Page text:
Piccolo: That’s not entirely correct because … there are processes before they actually leave the prisons. There are for example low … security prisons which they go through, there are also other houses and systems they go through before they actually are released.
Byner: So you would argue then – I just want to get this … policy out there that as the Social Housing Minister you think it’s entirely appropriate to put a prisoner in a Housing Trust property, a person who’s just come out of jail or on parole or on home D in a public property
Piccolo: Well by your own words you indicated everybody has a right to accommodation and that’s what we’re doing. You said yourself everyone has a right to accommodation.
Byner: Yes but you see you’re not really answering my question because … you’ve taken one part of what I’ve said. Yes they do; we need more supported accommodation where there are people having a look over the shoulder of those who are vulnerable because you’re putting an awesome responsibility on somebody in a public house and frankly they’re not fully socialised. If they were they wouldn’t be a problem in the community which unfortunately many of them are.
Piccolo: Well, the very first thing of socialising people is to make sure that they actually have a roof over their head, they have a normal life, as normal as possible given their circumstances … and the other thing is … you’re quite right, they do need support services, I agree with you 100% so … we actually deliver services to these people. It is not always possible to put a lot of all ex-prisoners together and I’m not sure it would be desirable to put all ex-prisoners together, and in fact some of the parole requirements actually they’re not allowed to associate with other ex-prisoners as well.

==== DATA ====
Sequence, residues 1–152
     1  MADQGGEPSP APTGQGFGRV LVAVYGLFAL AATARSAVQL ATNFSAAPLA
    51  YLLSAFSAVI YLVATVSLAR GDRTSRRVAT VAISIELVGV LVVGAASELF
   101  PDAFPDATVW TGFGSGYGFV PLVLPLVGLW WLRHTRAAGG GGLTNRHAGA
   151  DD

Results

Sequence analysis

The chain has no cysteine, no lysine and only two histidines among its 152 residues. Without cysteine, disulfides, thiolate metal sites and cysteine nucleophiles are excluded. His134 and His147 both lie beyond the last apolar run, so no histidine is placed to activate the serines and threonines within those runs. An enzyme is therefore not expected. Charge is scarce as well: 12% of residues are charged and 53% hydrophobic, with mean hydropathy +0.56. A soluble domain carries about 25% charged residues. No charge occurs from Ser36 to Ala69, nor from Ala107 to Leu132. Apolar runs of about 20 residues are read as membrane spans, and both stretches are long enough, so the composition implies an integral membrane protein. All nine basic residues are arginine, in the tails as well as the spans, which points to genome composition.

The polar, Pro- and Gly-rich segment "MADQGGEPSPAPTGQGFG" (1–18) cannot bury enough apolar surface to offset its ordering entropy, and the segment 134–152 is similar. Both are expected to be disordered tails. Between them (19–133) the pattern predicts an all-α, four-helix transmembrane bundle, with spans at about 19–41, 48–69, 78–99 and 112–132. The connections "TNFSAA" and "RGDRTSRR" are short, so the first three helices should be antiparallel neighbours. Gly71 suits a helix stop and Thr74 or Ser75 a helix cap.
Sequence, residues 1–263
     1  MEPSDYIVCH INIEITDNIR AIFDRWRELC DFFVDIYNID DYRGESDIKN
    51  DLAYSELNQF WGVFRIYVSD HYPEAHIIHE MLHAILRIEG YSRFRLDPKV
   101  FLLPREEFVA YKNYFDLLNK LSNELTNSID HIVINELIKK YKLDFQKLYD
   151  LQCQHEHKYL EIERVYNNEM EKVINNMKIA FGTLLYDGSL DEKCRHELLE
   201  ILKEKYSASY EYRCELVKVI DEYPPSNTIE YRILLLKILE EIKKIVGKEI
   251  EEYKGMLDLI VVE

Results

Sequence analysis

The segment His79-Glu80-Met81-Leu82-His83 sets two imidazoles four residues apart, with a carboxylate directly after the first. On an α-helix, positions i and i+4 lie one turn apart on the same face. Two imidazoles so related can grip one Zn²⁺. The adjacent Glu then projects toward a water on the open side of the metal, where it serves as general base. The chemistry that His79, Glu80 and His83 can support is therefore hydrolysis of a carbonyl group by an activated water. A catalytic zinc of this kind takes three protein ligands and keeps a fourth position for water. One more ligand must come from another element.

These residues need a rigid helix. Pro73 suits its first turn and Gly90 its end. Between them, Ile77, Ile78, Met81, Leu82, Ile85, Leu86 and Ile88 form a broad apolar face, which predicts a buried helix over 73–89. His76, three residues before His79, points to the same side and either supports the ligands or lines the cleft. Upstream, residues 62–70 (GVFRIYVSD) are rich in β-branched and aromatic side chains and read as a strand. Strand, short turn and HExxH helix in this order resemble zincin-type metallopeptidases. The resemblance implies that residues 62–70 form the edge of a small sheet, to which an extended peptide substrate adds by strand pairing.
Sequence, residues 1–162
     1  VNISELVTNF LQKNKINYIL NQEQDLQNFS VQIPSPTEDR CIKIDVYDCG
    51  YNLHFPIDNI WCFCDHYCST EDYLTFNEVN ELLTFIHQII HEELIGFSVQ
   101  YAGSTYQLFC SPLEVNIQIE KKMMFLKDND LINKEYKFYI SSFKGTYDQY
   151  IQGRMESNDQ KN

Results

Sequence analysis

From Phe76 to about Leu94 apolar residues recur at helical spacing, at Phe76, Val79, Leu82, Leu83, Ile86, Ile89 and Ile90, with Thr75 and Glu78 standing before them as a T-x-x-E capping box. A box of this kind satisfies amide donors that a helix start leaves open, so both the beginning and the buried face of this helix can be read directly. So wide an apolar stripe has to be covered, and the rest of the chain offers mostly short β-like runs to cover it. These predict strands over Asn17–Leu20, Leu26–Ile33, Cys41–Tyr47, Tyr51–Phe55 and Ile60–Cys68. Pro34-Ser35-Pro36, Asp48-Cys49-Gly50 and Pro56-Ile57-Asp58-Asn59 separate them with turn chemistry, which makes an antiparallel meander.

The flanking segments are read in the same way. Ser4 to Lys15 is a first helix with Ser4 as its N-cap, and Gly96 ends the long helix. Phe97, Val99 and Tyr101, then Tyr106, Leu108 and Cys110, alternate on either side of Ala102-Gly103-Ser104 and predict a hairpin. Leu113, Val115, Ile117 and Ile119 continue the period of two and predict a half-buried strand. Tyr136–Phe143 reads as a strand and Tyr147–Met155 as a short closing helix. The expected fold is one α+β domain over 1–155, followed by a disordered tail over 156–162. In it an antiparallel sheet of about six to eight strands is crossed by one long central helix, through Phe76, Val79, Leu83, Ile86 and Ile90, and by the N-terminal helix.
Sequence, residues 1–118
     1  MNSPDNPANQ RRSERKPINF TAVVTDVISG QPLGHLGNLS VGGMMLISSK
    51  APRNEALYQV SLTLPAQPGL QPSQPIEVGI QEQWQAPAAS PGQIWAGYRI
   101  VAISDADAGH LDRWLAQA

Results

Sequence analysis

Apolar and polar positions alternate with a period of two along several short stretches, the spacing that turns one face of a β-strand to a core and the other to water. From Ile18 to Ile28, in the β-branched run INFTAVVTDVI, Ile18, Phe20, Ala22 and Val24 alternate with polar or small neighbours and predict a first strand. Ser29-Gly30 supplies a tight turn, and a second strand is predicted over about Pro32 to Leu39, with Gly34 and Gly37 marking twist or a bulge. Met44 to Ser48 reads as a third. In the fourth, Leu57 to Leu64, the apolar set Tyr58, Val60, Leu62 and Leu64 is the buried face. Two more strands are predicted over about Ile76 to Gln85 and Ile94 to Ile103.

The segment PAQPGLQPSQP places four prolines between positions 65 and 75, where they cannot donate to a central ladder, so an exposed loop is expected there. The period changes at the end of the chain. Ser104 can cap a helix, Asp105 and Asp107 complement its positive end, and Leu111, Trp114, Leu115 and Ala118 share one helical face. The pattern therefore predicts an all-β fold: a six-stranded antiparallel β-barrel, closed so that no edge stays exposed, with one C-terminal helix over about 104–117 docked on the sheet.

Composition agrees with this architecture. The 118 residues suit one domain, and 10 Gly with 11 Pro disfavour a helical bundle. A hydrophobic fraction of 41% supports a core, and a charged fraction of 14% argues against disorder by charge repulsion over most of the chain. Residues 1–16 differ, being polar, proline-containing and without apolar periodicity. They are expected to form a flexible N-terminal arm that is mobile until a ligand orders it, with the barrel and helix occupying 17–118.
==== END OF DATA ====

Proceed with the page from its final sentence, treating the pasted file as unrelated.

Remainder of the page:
Byner: I’m not suggesting you should put all ex-prisoners together, all I’m saying is that you’ve got a very blunt instrument that you’ve got to try and make fit a circumstance that mightn’t be appropriate. That doesn’t mean that you’ve got to house everybody that comes out of jail in a halfway house, but clearly some people don’t … really accept well the responsibility of all of a sudden I’m out there in the community just like everybody else
Peter Sandeman, CEO, AnglicareSA
Byner: Let’s talk to the Chief Executive of Anglicare, Peter Sandeman … what’s your view on this?
Sandeman: Well my view is that it’s a matter of where we place people and making sure they’re placed where they’re going to be safe and more importantly perhaps the community is safe too.
Byner: … what are you implying by that?
Sandeman: Well reading the article this morning it seemed to me the major point was inappropriate locations for people so that it’s really important to make sure that when you place somebody in the community that you’re not going to cause more harm. So we tend to use our own property or we would head lease properties from a private landlord or from the Housing Trust just to try and increase the flexibility of location to be a bit sensitive about that … you don’t want to congregate … as the Minister’s being saying, you don’t want to congregate ex-prisoners together and you certainly want to be careful who you put next door to each other.
Byner: So do you think that public housing works for this or do you think we need maybe more supported accommodation?
Sandeman: Well you need both actually. Public housing can work for many ex-prisoners because we’re kind of lumping people together in a way. There are many ex-prisoners who make a good go of it, they’ve done their crime, done their time and they don’t want to go back. So many ex-prisoners make a good go of it but some people – as you pointed out there’s a re-socialisation component here and so having halfway houses and having the ability to move people from more supported to less supported accommodation as they acclimatise to being on the outside is the key.
Byner: Okay, so do we have enough of that?
Sandeman: Well, according to our calculations we’re about 16,000 houses short … you cited 20,000 on the waiting list, we reckon there’s about 16,000 houses for low income people generally short in South Australia. We’re part of a national phenomenon where trying to get more social housing is a big battle for everyone.